It will be appreciated that the thickness of the overcoat may also be continuous across the boundary between the landing zone and the data zone. In this embodiment, as shown in FIG. 1, the thickness of the overcoat decreases gradually and continually across the radius of the disc, on progressing from the inner diameter to the outer diameter. The overcoat thickness in the inner-diameter landing zone may be between 135-400 Å, more preferably between 150-300 Å, and the overcoat in the data zone has a thickness of between 30-135 Å, more preferably between 50-90 Å, where the change in thickness is continuous across the two zones.
In both of the described embodiments, where the thickness across the boundary separating the landing zone from the data zone is continuous or discontinuous, the overcoat in the landing zone is preferably at least about two times the thickness of the overcoat in the data zone.
FIG. 4 shows, in simplified schematic view, a portion of a single-disc sputtering apparatus 70 which is used for producing the magnetic recording disc described above. The apparatus includes a plurality of sputtering chambers, such as chamber 72, at which sputtering or heating operations occur.
In a sputtering operation, a substrate, such as substrate 74, is carried on a pedestal 76 in a downstream direction, from an upstream heating station which has a plurality of infrared lights which are arrayed for heating both sides of a substrate, to a first sputtering station in which the underlayer is formed. The substrate is then carried to a second sputtering station in which the thin-film magnetic recording layer is formed.
The coated substrate is then carried to sputtering chamber 72 where the carbon overcoat is formed. Station 72 houses a pair of targets, such as graphite targets 80, 82, which are connected to a power supply in the apparatus to achieve a selected target voltage with respect to the disc. The sputtering voltage is typically adjusted to between 300-600 volts, giving a power level of between 0.5-4 kWatts.
The basic sputtering apparatus is preferably a single-disc system, commercially available from Varian/Intevac (Santa Clara, Calif.) or Leybald Heraeus (Germany). The apparatus may also be an in-line system, such as those available from Circuits Processing Apparatus (Fremont, Calif.), ULVAC (Japan), Leybald Heraeus (Germany), VACTEC (Boulder, Colo.), or Materials Research Corporation (Albany, N.Y.). These systems are double-sided, in-line, high-throughput machines having two interlocking systems, for loading and unloading.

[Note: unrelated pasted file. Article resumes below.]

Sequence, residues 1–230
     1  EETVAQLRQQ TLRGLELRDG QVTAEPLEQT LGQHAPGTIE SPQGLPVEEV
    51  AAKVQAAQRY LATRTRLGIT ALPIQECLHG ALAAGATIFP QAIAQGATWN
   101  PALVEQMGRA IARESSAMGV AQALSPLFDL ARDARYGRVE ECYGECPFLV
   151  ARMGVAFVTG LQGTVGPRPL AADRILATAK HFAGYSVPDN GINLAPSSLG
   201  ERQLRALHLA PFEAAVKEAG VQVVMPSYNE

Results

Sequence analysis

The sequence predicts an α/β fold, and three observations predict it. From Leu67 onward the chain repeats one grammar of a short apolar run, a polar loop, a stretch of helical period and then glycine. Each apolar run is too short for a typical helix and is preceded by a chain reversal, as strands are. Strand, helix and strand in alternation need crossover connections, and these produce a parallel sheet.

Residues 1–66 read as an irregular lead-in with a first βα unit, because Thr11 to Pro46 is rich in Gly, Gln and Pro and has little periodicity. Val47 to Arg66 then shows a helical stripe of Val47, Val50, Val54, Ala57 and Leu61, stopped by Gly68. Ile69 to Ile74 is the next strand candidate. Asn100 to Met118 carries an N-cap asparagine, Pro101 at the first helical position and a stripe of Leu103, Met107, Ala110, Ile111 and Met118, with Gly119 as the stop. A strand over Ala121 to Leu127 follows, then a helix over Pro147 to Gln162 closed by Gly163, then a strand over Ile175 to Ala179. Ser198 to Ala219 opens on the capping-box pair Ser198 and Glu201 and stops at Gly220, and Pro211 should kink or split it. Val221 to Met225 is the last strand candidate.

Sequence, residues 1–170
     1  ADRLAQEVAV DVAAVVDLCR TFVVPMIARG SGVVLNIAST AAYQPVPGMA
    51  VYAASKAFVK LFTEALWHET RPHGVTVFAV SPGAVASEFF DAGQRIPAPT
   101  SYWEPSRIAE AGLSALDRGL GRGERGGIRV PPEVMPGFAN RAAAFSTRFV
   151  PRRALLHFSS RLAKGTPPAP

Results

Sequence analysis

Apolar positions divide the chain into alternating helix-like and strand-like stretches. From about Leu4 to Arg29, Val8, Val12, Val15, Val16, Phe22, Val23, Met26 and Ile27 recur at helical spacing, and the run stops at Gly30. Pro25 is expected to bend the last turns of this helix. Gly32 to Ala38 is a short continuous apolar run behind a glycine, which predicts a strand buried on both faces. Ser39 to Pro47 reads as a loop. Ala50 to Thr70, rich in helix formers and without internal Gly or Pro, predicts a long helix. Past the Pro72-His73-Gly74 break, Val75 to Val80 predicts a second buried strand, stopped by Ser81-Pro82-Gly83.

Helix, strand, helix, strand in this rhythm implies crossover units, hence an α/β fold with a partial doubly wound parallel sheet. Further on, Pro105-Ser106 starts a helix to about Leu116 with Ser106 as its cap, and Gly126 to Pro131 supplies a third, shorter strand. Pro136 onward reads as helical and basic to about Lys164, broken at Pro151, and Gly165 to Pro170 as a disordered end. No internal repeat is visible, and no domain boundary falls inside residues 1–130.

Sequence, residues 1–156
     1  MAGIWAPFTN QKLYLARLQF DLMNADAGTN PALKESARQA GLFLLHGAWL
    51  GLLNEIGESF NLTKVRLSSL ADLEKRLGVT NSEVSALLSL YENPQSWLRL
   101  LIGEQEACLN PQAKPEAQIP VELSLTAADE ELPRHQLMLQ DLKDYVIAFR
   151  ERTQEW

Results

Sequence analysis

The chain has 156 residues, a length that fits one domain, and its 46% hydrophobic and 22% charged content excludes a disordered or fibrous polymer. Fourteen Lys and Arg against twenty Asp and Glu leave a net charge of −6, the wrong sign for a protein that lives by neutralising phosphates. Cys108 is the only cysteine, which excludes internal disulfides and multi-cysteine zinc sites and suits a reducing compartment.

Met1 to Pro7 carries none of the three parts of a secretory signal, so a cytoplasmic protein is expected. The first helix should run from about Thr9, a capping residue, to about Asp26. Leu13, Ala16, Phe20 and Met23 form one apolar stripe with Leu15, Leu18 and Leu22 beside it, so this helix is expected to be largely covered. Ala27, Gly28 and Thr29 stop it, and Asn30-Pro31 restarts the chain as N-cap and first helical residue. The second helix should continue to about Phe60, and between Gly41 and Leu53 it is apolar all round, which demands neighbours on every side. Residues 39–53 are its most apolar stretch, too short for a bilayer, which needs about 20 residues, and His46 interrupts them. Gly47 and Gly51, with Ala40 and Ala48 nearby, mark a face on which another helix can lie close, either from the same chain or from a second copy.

In operation, the sputtering chambers are evacuated to pressures of about 10-7 Torr, and argon gas is introduced into the chambers to a final sputtering pressure of 2-20 mTorr. The underlayer and magnetic layers are formed conventionally on the substrate.
In the embodiment of the invention shown in FIG. 1, the carbon overcoat has a continuous gradient in thickness across the diameter of the disc. The thickness gradient is accomplished by sputtering from targets that are smaller in diameter than the outer diameter of the substrate. This is seen best in FIG. 5A, where target 83 is shown positioned above disc 84. Disc 84 includes a substrate 85, an underlayer 86 and a magnetic thin-film layer 87. Target 83 has a smaller outer diameter than disc 84, so that during sputtering, more material is deposited on the region of the disc which is positioned directly below the target, indicated at 88 in the figure, and corresponding to the landing zone of the disc. This sputtering configuration leads to a substantially continuous thickness gradient across the landing zone/data zone boundary.
FIG. 5B illustrates a sputtering method for forming an overcoat having a discontinuous overcoat thickness across the boundary separating the landing zone and the data zone. Target 90 is positioned above disc 92 for deposition of an overcoat. A baffle or shield 94 is positioned between the target and the disc, so that little material is sputtered from the outer region 96 of the target onto the disc. During a sputtering operation, material is deposited onto the disc primarily in the inner-diameter landing zone 98 of the disc.
The sputtering method of FIG. 5B may be preceded by deposition of a carbon overcoat having a continuous thickness of about 30-80 Å. The disc is then carried to a sputtering station where a baffle prevents deposition of material onto the outer, data zone of the disc, as described in FIG. 5B. Material is deposited in the inner-diameter landing zone, creating a carbon overcoat that is thicker in the landing zone than in the data zone.
In the embodiment of the invention where the overcoat contains hydrogen or nitrogen, an initial carbon layer is generally deposited prior to the doped-carbon layer. The initial carbon layer, which may be deposited uniformly or with a gradient, reduces diffusion of the hydrogen or nitrogen in the overlying doped-carbon layer into the magnetic recording layer. Diffusion of hydrogen or nitrogen may effect the magnetic recording properties of the disc.
FIGS. 6A and 6B illustrate another method of selectively concentrating a sputtering plasma in order to deposit a layer, e.g. an overcoat, with a gradient in thickness. FIG. 6A shows an assembly 100 of concentrically arranged electromagnetic coils, indicated by numbers 101-106 in the figure. Such an assembly is commercially available from Cathode Technology Corporation (San Jose, Calif.). The coils are adjacent a sputtering target 110, positioned "below" the coils in the figure. Each electromagnetic coil can be independently energized by power sources, not shown in the figure.